Saturday, October 14, 2017

Happiness by Heather Harpham

The profound love a parent has for her newborn child immediately and inherently carries with it many fears - that you won't be a perfect parent, or maybe even a good enough parent, or quite possibly even fail completely as a parent. There are a million ways you can and no doubt will disappoint your child, or choose poorly, or not rise to the occasion when a situation calls for wisdom, maturity, know-how, or transcendence. At some time you will be and do all of these things, and probably it will be okay. But deep in the heart of every parent also lurks a truly profound terror, directly proportional to the immensity of your love, that something terrible could happen to the fragile and tiny being entrusted to your care. We hope and pray that we will never need to know who we will be called to be in this moment.

Heather Harpham, author of Happiness: The Crooked Little Road to Semi-Ever After (Henry Holt, 2017), was called to this moment. She was not ready. She never expected it, nor did she even expect to become a parent when she discovered she was pregnant. Her partner, the writer Brian Morton, was reluctant to start a family. Realizing she was on her own, Heather left New York City and returned to California, piecing together a supportive network of family and friends to welcome her baby. Not a perfect nuclear family perhaps, but beautiful in its own way, and into this loving and stable world baby Gracie was born.

Almost immediately, however, it became clear something was desperately wrong. Little Gracie had a rare and life-threatening blood disorder which would send her to countless doctors and hospital visits, and eventually require a bone marrow transplant. Happiness tells the story not only of Gracie's illness and her parents' harrowing quest for a cure, but also of one family's non-traditional path to formation.

I found Happiness very engaging, and ultimately quite moving. While Gracie's illness is naturally compelling (and as a parent I couldn't help but ache along with every decline, and rejoice with every moment of hope) the real heart and strength of the book for me was Harpham's openness and honesty about her relationship with Morton and her own self-examination. I found her at her very best in the latter half of the memoir, in which Gracie undergoes the transplant, requiring months of round-the-clock hospitalization at a leading transplant clinic. Here, Harpham not only vividly and viscerally conveys the complexities of parenting under the most difficult and terrifying conditions, but also gives us eye-opening insight into the lives of other families whose lives have become centered around a sick child:
"This was how we told each other our stories, in the margins, in the kitchen, over Styrofoam cups, while washing our hands at the decontamination trough, at the snack machine, without ceremony. Without self-dramatization. Without even the faintest nod to the horror of what was described because the assumption was everyone had horror."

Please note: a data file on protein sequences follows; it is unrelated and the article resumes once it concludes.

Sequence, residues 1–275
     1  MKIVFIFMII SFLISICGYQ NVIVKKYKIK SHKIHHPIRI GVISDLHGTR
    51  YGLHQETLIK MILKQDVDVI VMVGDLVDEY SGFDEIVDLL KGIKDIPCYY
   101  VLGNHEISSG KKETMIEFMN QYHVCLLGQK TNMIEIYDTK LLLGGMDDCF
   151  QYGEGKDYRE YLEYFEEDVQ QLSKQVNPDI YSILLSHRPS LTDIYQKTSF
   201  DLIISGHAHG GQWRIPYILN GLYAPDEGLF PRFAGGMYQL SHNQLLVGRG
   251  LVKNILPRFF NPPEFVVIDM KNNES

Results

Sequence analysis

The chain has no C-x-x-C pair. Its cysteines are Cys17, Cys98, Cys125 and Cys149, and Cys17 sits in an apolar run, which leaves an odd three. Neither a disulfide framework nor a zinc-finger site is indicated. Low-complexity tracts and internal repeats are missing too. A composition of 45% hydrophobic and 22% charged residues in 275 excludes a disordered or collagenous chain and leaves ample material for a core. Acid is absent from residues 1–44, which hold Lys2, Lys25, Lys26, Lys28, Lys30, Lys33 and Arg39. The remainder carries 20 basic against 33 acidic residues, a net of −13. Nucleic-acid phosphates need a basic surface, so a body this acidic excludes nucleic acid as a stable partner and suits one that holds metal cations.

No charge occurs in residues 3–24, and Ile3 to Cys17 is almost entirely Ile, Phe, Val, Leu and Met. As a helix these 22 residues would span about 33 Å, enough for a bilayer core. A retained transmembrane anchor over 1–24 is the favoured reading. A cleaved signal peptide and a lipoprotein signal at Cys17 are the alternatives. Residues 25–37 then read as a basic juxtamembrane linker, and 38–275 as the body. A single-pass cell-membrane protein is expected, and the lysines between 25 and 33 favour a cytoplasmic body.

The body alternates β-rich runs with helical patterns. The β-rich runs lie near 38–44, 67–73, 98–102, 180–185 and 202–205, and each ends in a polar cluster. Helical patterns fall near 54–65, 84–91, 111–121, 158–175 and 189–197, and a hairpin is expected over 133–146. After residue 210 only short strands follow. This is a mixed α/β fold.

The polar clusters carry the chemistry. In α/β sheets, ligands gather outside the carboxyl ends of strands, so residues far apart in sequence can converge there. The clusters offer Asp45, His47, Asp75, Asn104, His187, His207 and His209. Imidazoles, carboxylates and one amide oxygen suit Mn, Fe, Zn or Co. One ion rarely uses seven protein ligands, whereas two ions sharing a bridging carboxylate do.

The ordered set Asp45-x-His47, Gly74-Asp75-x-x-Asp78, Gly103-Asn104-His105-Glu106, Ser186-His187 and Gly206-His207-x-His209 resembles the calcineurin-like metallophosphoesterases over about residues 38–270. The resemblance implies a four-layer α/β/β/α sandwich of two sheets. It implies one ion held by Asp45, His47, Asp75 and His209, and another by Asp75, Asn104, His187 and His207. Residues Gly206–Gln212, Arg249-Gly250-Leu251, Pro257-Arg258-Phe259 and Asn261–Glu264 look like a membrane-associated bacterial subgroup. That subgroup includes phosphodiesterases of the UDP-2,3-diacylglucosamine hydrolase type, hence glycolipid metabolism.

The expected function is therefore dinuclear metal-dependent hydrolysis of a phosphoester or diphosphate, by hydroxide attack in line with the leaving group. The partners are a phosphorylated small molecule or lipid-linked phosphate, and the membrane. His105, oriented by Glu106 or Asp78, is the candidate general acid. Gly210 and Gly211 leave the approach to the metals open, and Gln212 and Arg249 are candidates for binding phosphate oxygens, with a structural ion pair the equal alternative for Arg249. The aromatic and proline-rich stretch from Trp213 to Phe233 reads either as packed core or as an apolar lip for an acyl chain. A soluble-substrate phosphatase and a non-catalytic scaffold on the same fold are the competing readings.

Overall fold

Gracie is one of the lucky ones, and it must be noted that she had things going in her favor that many other children might not: access to excellent doctors, health insurance, family who had the opportunity and flexibility to travel with her to find the best care, the connections that helped her find those opportunities to start with, and a community that rallied to raise funds to make her treatment possible. To her credit, Harpham is upfront about and acknowledges these. In a year in which America's health care access is being systematically dismantled for so many, these are even more important to note, for it must be true that many children did not, and many more will not, be graced with the same quality care.

But even with every advantage, there is still no guarantee of a good outcome. This is what kept me riveted, and which pierced my heart and stuck with me well beyond the end of the story. For this is every parents' deepest fear and frankest reality: sometimes no matter what you do, and what resources you have, there are things completely beyond your control. The universe will humble us, again and again. Happiness left me considering how our deepest challenges shape us and make us who we are, and who will we be called to be, when faced with the worst?

I received a complimentary copy of Happiness from the publisher. 

Happy reading!


  1. As soon as Trump started signing things this week to weaken the Affordable Care Act, I noticed moms coming together on Twitter, giving each other support and advice about how to help their sick child. One woman's son is a Type 1 diabetic and keeps ending up in the hospital because they can't afford his insulin (and does the government not know how much more expensive hospitalization is by comparison?). She shared a picture of him. I think this memoir would be hard for me to read now.

  2. So heartbreaking, and so shortsighted from a policy point of view. Healthcare so fundamental to everything else.


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